Noise is transmitted via sound waves through the space that separates the source from the receiver. Altering the path of this transmission to reduce the amount of acoustical energy that will reach a receiver is an effective approach to industrial noise control. Usually, this involves impeding the sound transmission by interfering with its reflected and direct paths.
Reflected noise paths can be reduced by adding sound-absorbing panels to walls and by hanging sound-absorbing devices (unit absorbers) from ceilings. Direct noise paths can be disrupted by using enclosures or acoustical barrier walls between the source and receiver. These barriers are most effective when used in combination with materials designed to treat reflected sounds.
Ear plugs or ear muffs are considered highly economical methods for reasonably effective receiver noise control. However, employees are often uncomfortable having to constantly wear these devices. They also note their inability to detect changes in the sound of equipment and problems in communicating with other employees. In environments with a lot of material handling equipment, such as forklifts, the use of hearing protection devices can create unsafe working conditions because employees may not be able to hear equipment entering their work areas. Quiet zones or personnel enclosures are preferred to reduce the noise level that reaches the receiver.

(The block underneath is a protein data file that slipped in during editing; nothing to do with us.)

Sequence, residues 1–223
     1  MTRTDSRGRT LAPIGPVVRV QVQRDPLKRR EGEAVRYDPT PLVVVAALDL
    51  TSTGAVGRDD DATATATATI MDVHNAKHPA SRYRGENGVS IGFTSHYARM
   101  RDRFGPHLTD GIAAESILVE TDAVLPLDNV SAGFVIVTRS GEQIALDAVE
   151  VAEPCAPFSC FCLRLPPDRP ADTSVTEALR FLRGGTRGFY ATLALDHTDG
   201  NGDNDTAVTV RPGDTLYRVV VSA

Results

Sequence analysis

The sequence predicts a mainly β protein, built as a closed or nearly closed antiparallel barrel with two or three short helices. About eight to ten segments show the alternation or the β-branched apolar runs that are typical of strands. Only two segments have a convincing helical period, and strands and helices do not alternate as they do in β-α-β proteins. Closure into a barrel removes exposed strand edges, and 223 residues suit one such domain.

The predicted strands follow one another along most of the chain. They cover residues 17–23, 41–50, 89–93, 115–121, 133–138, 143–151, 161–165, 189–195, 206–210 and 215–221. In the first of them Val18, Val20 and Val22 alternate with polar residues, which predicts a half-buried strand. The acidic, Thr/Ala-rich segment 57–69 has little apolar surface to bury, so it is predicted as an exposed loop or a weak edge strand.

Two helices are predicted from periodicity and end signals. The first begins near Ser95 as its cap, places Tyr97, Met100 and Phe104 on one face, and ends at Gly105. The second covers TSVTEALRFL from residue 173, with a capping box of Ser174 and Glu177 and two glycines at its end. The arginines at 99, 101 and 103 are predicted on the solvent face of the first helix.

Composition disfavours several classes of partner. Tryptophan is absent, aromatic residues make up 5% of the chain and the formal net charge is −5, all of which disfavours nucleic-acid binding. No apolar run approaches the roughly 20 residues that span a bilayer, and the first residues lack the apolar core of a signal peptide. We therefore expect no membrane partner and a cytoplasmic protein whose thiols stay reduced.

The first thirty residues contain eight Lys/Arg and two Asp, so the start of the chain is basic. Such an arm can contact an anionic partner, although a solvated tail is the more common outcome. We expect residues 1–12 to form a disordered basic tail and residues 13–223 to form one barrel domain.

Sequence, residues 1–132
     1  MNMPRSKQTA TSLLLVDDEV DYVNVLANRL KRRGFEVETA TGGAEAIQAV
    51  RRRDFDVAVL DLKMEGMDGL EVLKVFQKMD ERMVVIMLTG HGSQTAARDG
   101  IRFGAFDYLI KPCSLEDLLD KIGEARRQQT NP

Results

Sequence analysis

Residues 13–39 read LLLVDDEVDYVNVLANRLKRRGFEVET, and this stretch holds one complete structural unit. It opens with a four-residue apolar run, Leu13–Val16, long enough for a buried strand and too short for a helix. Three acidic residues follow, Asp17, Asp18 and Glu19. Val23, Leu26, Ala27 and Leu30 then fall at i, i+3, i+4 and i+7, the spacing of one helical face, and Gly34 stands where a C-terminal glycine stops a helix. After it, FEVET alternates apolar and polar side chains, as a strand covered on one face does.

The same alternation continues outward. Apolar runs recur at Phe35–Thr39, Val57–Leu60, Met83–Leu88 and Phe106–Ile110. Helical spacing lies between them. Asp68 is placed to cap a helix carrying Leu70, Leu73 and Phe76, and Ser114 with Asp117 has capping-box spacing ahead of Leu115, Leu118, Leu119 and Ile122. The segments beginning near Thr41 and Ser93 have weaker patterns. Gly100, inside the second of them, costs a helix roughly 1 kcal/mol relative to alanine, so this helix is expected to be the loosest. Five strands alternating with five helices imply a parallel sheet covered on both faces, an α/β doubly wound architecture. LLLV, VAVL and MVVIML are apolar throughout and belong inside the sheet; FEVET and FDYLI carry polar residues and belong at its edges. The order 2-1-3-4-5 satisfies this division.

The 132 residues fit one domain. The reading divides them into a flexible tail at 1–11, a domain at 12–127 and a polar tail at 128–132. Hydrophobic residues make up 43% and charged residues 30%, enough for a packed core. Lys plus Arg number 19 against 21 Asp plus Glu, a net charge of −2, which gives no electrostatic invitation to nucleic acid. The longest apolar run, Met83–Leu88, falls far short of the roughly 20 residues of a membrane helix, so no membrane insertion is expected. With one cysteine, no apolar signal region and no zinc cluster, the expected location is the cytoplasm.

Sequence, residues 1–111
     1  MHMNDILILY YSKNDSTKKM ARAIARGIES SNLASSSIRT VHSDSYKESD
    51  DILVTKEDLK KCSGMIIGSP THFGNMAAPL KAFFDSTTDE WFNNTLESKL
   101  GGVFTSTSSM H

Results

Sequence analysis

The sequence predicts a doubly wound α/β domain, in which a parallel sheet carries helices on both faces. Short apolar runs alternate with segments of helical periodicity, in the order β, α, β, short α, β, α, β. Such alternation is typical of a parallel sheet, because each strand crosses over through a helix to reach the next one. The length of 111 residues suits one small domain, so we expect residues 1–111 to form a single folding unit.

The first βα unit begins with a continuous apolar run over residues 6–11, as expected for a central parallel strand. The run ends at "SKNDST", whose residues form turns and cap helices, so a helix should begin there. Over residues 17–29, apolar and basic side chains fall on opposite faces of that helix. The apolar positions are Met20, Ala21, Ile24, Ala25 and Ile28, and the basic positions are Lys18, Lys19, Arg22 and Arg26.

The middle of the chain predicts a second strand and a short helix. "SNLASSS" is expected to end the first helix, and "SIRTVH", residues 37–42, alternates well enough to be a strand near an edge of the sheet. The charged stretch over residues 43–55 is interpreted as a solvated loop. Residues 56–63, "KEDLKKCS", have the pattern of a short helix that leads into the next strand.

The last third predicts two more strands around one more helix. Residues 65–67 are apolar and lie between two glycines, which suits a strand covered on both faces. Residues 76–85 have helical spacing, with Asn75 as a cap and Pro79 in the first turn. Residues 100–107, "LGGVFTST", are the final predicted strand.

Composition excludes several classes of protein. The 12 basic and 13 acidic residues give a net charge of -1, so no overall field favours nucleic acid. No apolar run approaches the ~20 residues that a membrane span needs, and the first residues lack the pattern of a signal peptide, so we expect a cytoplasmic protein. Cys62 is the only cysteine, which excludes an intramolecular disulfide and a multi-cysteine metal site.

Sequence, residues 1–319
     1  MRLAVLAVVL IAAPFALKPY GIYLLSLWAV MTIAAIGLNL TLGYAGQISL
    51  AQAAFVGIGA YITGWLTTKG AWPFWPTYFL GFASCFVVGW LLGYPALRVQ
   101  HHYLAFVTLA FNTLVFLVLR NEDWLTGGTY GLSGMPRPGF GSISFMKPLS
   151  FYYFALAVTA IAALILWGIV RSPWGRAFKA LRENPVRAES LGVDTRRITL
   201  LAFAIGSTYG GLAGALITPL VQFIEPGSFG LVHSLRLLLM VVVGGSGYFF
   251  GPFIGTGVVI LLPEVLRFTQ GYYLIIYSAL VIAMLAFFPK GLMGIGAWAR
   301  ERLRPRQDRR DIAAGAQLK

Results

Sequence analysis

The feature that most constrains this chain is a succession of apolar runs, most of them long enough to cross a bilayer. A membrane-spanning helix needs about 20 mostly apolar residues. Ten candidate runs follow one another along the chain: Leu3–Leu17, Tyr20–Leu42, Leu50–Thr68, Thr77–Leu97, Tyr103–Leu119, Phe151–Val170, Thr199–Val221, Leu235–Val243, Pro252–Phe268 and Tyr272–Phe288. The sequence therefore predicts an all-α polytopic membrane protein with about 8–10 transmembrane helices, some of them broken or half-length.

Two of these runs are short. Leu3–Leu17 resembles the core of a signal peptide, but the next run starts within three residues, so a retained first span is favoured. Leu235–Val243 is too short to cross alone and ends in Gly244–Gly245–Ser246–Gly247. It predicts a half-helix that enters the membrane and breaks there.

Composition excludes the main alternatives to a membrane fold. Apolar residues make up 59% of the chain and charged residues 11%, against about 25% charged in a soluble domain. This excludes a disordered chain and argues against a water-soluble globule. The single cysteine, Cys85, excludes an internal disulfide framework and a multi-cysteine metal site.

The Use of Enclosures
Maximum noise control is provided by quality sound enclosures because they normally include materials and design features that provide sound absorption, transmission loss, sealing, and ventilation in one system. Noise is blocked from either leaving or entering the enclosure. This provides the option of enclosing either the noise source or the noise receiver.